Infants who spent a lot of time on a ventilator, or who were fairly ill while in the ICU, may have trouble feeding initially. These babies may have an oral aversion; they might equate something placed in the mouth, such as a pacifier or bottle, with a less pleasant sensation such as being on the ventilator. Some infants are just tired, and need to build their strength up before they will be able to learn to bottle feed. Strategies used to help infants with nutrition include the following:
High-calorie formula or breast milk. Special nutritional supplements may be added to formula or pumped breast milk that increase the number of calories in each ounce, thereby allowing your baby to drink less and still consume enough calories to grow properly.
Supplemental tube feedings. Feedings given through a small, flexible tube that passes through the nose, down the esophagus, and into the stomach, that can either supplement or take the place of bottle-feedings. Infants who can drink part of their bottle, but not all, may be fed the remainder through the feeding tube. Infants who are too tired to bottle-feed at all may receive their formula or breast milk through the feeding tube alone.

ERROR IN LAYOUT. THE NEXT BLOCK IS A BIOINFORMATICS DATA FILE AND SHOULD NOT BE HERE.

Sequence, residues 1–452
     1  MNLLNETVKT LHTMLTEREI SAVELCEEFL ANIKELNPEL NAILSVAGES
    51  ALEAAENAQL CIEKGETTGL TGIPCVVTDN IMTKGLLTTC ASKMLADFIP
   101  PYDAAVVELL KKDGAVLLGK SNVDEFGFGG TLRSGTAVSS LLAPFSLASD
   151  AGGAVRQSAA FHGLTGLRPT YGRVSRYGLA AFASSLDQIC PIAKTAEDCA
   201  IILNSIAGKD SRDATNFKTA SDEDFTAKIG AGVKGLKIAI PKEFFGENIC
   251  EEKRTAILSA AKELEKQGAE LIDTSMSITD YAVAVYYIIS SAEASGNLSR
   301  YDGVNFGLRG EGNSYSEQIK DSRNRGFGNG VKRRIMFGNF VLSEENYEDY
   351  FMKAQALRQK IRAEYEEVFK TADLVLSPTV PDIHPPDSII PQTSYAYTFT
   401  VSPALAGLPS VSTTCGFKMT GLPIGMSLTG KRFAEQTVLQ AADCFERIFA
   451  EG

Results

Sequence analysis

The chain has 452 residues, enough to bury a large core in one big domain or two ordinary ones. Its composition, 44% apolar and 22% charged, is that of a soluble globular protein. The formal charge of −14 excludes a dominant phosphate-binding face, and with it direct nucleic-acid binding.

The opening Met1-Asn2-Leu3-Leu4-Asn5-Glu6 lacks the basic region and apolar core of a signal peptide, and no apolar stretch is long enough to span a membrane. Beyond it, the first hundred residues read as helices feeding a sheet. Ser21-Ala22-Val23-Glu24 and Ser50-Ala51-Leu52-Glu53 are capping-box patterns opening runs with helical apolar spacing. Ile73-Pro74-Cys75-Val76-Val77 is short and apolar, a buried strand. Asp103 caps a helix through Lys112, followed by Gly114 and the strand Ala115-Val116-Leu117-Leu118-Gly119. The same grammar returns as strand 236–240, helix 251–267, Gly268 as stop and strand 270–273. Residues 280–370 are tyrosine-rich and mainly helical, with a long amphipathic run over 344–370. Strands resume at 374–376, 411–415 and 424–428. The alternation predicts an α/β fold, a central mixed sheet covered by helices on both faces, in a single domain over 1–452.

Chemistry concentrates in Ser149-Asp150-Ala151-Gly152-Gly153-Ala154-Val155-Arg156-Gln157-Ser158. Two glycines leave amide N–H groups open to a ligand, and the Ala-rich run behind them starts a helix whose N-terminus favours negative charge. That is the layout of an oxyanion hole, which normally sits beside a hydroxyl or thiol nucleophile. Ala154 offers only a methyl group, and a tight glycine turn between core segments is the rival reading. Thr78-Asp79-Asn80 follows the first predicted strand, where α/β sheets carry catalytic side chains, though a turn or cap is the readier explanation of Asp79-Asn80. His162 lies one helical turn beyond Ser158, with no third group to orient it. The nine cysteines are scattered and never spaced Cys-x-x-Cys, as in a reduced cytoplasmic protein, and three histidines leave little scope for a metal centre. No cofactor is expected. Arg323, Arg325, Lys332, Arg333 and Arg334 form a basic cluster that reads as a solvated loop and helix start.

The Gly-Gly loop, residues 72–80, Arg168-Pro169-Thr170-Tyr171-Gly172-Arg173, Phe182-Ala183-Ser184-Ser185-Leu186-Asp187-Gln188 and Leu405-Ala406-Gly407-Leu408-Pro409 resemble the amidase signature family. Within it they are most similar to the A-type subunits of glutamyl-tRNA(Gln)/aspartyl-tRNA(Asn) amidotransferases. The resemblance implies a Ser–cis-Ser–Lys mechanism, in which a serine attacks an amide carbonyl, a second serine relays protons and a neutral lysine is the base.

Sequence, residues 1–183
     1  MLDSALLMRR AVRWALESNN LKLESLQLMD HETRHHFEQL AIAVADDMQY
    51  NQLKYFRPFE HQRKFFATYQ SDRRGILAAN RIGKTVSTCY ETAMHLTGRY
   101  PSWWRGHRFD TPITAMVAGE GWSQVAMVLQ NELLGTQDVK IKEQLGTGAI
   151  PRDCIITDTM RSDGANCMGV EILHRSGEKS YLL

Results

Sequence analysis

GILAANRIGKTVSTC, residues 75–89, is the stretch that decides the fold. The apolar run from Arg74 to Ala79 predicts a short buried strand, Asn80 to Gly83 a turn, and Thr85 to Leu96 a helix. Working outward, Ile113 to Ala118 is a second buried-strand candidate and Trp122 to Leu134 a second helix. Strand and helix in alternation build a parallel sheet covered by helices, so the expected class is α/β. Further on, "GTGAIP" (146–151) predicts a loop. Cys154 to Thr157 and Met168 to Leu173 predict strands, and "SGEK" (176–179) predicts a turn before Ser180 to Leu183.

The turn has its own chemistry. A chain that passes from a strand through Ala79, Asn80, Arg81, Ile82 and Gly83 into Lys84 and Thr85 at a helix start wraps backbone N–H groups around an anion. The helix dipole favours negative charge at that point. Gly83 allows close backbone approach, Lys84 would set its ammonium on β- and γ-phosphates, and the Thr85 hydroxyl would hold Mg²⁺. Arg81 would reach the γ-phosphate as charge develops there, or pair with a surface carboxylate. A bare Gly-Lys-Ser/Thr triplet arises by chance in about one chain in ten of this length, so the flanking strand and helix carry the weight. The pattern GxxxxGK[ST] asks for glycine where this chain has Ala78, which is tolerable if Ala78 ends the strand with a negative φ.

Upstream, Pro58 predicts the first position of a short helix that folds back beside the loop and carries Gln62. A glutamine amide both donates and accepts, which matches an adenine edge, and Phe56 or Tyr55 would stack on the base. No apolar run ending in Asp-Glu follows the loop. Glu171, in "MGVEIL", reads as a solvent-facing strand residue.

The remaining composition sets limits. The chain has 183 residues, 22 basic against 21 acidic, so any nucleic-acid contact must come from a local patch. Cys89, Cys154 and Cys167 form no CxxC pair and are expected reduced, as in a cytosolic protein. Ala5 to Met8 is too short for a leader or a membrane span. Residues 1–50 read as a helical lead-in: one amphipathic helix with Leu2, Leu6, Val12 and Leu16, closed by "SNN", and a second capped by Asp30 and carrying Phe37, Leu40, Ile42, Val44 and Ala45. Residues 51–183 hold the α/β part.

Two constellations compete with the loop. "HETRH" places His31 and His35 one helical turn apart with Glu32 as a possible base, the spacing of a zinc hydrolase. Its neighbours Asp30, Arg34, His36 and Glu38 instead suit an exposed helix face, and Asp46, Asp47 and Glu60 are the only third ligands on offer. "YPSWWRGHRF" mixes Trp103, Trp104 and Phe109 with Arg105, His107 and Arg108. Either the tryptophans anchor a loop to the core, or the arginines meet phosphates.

Caring for your child at home following a TGA surgical repair
Pain medications, such as acetaminophen or ibuprofen, may be recommended to keep your child comfortable at home. Your child's physician will discuss pain control before your child is discharged from the hospital.
If any special treatments are to be given at home, the nursing staff will ensure that you are able to provide them, or a home health agency may assist you.